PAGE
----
Advertising.Com Joins NAI to Fight Spam

The FTC Spam Forum last week seems to have caused a ripple effect, especially for the Network Advertising Initiative (NAI) Email Service Provider Coalition. The membership of the organization has grown from just seven members when it was formed in January to protect the appropriate use of email as a marketing and business communication tool to almost three dozen today, with being the latest addition.

Earlier this week, announced it would join the coalition, hoping to build upon the strength of its email marketing policies and principles.

Scott Ferber, CEO of Baltimore-based, said that only by "working together can we ensure the continued growth and acceptance of email as an essential marketing medium."

Ferber said that even though several other industry associations are taking steps to fight spam, "all of us [email service providers] feel there's not been enough activity in this area." He said the NAI seems to "have the greatest momentum and highest degree of likelihood of solving the challenges we're facing." will serve on the Coalition's Legislative, Technology and Communications committees. Echoing the sentiments of many marketers after the FTC Spam Forum, Ferber said that it would have been nice to have more representation of the marketers' point of view at the conference, but since that was not the case, improving communication is his first priority.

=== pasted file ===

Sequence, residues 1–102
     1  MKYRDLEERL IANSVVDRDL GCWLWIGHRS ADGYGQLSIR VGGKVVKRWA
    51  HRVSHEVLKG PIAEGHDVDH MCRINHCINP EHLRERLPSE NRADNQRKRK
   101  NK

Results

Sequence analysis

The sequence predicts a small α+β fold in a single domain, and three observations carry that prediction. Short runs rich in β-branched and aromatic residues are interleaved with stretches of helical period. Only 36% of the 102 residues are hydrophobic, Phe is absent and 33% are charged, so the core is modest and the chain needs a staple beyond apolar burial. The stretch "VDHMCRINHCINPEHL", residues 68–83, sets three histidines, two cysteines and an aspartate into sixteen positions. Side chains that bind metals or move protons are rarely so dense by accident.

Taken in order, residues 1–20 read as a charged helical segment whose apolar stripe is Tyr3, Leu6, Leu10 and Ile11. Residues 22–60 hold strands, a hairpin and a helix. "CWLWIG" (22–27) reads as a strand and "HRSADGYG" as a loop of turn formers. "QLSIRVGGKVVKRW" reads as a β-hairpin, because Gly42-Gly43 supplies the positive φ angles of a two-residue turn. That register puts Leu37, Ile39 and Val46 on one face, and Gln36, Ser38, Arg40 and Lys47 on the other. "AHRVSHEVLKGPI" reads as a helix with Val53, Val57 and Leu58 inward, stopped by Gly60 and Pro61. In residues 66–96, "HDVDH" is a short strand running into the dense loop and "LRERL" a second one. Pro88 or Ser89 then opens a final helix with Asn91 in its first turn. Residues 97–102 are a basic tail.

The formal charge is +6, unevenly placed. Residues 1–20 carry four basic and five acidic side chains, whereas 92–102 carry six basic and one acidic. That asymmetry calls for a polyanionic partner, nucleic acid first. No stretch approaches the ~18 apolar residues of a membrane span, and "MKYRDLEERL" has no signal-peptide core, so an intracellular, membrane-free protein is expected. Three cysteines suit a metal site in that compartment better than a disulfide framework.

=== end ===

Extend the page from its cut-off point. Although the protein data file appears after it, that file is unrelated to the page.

The Coalition, Ferber said, is representing the email service providers' point of view, not so much the position of the consumer anti-spam organizations.

"The consumer advocacy groups have a legitimate concern about inappropriate content getting through," he said. "At the same time as in all cases there is a great degree of valuable information. I myself run an email filter that attempts to screen out inappropriate content and at times I lose valuable email." He explained that going to the extreme with blacklists is not going to help and "it's going to reduce the killer app of email. At the same time we can't allow unabated email marketing under false pretenses."

The solution? "Give a little both ways." Ferber advocates NAI's Project LUMOS, which is an indisputable nationwide registry of senders. "This is a valuable medium, paying to play is not a bad idea," he says.

As for technology and legislation, Ferber hopes that the industry will come with a technological solution before the government gets too involved. He hesitated to use the term "self-policing," but said that the most important thing we can do as an industry is "solve this ourselves," and if that doesn't work, collaborate with legislative and consumer groups to find a solution.

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